Having a son on the “interesting” scale, at almost 12 yrs of age, I still have to ask him to wipe properly or wash his hands with soap and I still have to soak poo trails out of his underwear and probably will have to do this for the rest of his life (or at least until someone else takes over his washing for me). However I thank God regularly and remind myself that I am pretty lucky, I know other parents with “interesting” children who have it far worse on the Poo scale, some having to clean up daily poo parties that involve linen, walls, carpet and even family members tooth brushes (Hugs K!), So in the scale of things, I am very lucky that when God was handing out all the different traits the “interesting” children could choose to make their own personal rainbow, that my child didn't choose anything worse.

I also deal with poo on a daily basis at the moment as we have a kitten in the pica stage of development, making cleaning her litter tray interesting, as you remove chunks of poo decorated with bits of colour paper, balloons, beads, crayons and anything else she decided might be interesting to eat. I am often amazed she manages to pass some of these things through her gut.

This often reminds me of my children going through daycare/preschool. I could always tell the days they had made playdough as they used to make it with glitter in it for decoration and my son would eat it, resulting in a nappy full of “glitter poo” later that night or early the next morning.

By now, if you’ve read this far, you may wonder HOW or WTF got me onto this topic. Well to be honest I am not totally sure. It could have been a post I read from a mother of a young child that reminded me of the “glitter poo” nappies, or the discussing with my partner after we both came down with gastro due to drinking bore water while away on the weekend, or it could have just been my unusual brain’s habit of providing me with random topics to keep me awake at nights.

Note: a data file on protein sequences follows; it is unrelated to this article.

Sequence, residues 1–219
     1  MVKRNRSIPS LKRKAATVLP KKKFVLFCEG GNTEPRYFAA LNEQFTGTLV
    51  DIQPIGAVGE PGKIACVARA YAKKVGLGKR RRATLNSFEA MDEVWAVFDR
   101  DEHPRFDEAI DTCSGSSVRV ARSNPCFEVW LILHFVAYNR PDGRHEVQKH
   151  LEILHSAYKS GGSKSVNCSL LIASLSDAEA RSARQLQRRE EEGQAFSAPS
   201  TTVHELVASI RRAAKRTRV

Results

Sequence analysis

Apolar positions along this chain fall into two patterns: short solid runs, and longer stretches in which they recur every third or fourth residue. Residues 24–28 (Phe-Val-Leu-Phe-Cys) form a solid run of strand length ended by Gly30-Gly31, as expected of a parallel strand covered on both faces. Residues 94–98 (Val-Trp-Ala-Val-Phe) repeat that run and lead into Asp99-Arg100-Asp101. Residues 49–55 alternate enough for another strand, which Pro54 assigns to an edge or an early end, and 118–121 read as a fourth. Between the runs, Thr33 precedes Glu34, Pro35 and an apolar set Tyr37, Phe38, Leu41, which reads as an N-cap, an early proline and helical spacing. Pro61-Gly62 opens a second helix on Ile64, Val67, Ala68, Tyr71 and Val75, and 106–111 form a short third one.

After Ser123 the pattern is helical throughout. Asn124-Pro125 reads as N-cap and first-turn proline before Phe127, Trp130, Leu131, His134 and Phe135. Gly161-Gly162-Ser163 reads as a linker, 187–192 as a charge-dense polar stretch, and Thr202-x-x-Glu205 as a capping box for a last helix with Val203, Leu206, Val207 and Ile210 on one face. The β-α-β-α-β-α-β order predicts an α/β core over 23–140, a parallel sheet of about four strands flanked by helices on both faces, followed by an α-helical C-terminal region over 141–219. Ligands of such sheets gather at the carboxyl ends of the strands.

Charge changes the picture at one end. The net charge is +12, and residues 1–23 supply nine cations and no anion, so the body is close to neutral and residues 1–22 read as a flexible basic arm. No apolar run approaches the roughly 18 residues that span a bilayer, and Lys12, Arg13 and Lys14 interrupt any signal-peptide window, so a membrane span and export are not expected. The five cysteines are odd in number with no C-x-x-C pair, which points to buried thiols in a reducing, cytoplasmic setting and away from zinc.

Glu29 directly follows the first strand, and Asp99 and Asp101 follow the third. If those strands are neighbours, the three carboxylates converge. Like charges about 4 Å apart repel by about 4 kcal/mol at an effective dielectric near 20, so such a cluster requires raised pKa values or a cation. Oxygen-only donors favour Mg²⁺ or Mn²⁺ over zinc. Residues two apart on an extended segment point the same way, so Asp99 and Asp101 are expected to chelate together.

So before I finish, I will leave you with some interesting facts.

  • If you are healthy, you should poo at least once a day, at a fairly regular time.
  • It should not be pale or khaki in colour, nor dark or black.
  • It should not be runny, nor should it be hard, pebbly or dry.
  • It should not float.
  • Mucousy poo is a sign of bowel inflammation.
  • Black is processed (old) blood, so if you haven't eaten raw meat or taken iron supplements, then go see your doctor ASAP if you have black or black flecked poo.
  • If you find it hard to poo regularly, try drinking half a litre of warm water about 20 minutes before your “poo time”.

Mine is in the mornings, normally 20 minutes after my morning coffee, so I know something is wrong if this time has come and gone and I haven't “gone” (In my case this generally means I have been naughty and eaten wheat and will suffer painful cramping and bloating later on).

Keeping a track of your poo may sound gross, but having that knowledge ready means the next time a nurse or naturopath or doctor etc asks you about your bowel habits, you can pleasantly surprise them with detailed knowledge.

Alright well that's enough shit about shit lol.

And if you haven't already today :-

GO POO!!!!!